3 Year Limited Warranty: Yes
    Thermostatic Cooling System: Yes
    Aluminum Propeller: Standard
    Tiller Handle Steering: Standard
    Engine Sensing Warning System: Standard
    High Output Alternator: Optional
    Dual Thrust Prop: Optional
    Shallow Water Drive: Standard





    Engine Type : 1 cyl.
    Displacement : 8.5 ci (139 cc)
    Compression Ratio : 8.9:1
    RPM Range : 4500-5500
    Fuel/Induction System : OHV
    Ignition System : CDI
    Alternator Output @ W.O.T. : 6A **
    Starting System : Manual
    Lubrication : Wet Sump
    Gear Ratio : 13:27 (2.08)
    Shaft Length : 15 in., 20 in.
    Weight : 60 lb (27 kg)
    CARB Rating : 3-Star
    Warranty : 3 Year Limited Pleasure Boat - 1 Year Limited Commercial
    Mileage: 0
    2001 220 Cuddy (Stalker)
    5.7 (350) PCM FWC

  3. #3
    Join Date
    Sep 2006
    Location
    Corpus Christi Texas
    Posts
    4,175

    Default

    quickstep192, what type of sail boat, and do you need an alternator that comes on both versions?

    On the outboards, some are tuned down and weigh the same; so I would select the one that is tuned up.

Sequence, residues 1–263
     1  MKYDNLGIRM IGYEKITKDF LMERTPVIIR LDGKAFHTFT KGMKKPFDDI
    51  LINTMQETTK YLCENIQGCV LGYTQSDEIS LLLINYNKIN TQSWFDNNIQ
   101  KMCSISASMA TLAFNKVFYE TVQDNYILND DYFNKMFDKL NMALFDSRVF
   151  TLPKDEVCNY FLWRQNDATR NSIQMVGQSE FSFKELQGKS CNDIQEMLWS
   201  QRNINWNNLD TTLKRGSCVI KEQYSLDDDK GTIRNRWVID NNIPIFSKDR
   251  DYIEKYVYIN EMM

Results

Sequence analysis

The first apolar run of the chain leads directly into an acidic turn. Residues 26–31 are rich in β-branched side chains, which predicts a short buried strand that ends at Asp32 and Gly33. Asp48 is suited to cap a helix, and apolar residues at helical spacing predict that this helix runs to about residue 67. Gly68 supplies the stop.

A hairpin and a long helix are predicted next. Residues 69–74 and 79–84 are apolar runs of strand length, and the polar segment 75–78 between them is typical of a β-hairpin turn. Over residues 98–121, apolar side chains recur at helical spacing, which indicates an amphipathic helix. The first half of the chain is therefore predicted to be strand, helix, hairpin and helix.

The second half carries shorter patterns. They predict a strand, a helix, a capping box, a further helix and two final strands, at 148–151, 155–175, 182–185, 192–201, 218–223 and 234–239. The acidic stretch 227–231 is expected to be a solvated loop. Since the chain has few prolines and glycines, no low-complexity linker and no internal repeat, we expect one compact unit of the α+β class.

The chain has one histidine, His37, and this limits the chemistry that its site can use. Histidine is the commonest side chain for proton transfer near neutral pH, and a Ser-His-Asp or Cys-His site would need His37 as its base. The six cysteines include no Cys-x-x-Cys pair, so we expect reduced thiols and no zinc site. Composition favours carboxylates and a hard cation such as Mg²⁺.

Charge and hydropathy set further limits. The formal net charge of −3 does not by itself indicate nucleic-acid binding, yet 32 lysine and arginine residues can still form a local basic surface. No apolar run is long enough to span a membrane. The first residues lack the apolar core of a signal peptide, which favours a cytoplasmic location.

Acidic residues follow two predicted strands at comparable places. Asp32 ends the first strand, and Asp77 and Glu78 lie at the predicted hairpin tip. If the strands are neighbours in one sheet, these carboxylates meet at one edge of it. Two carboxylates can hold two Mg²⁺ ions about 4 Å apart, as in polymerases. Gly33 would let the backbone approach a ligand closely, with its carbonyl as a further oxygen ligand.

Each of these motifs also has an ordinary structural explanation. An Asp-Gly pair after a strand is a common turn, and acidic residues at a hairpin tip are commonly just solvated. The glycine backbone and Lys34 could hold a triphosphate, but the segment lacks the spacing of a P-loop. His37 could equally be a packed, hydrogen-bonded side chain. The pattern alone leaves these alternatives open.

I have a very small Honda 20 inch shaft 2 hp 4 stoke 1 cylinder I like, and it weighs 39 pounds
    1996 200 WA
    5.7 Indmar TBI
    275 HP FWC full system
    Hurth

    Preserve, protect and defend the Constitution of the United States of America so help me God

  4. #4
    Join Date
    Apr 2003
    Location
    Eastern Shore, Va.
    Posts
    2,314

    Default

    Maybe the thinking is along the lines of the reason my 3-cylinder 40hp Yamaha has THREE CARBS: If one craps out, maybe the other two will still work.

    It never made sense to me if the question was simplicity or rebuilding carbs (why 3 instead of ONE?) but for safety's sake, it's redundancy I guess.

    If you just had ONE carb (or ONE cylinder or spark plug or coil or coil wire or magneto pickup) ...

    ... versus TWO of each ...